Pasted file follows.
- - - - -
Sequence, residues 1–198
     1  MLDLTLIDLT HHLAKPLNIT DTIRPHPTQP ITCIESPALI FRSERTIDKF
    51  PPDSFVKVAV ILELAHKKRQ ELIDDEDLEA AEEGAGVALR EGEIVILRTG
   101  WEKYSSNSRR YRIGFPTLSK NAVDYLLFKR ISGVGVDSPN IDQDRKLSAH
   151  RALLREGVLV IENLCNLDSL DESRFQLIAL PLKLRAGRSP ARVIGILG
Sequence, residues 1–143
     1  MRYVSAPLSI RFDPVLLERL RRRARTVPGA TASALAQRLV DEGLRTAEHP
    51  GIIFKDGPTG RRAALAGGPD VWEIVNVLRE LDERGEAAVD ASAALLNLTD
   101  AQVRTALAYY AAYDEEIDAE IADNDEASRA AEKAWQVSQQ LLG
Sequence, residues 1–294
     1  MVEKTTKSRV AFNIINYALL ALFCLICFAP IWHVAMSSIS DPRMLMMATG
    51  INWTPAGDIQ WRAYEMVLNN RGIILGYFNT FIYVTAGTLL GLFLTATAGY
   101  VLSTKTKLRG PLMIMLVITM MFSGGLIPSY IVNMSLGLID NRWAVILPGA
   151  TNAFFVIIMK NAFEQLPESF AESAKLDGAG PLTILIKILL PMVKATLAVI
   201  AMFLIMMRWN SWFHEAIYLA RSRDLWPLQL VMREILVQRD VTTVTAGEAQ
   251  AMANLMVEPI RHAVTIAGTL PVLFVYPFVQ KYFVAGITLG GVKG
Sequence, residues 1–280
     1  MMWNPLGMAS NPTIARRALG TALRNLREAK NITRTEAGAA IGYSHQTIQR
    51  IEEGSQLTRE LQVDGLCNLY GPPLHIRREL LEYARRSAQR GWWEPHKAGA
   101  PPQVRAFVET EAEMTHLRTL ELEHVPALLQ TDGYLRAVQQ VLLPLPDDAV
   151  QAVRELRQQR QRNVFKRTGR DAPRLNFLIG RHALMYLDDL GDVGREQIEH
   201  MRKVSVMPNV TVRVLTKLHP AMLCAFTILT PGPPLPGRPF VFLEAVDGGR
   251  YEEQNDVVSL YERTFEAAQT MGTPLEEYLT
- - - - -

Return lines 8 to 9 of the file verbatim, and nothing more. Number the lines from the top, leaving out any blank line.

    51  GIIFKDGPTG RRAALAGGPD VWEIVNVLRE LDERGEAAVD ASAALLNLTD
   101  AQVRTALAYY AAYDEEIDAE IADNDEASRA AEKAWQVSQQ LLG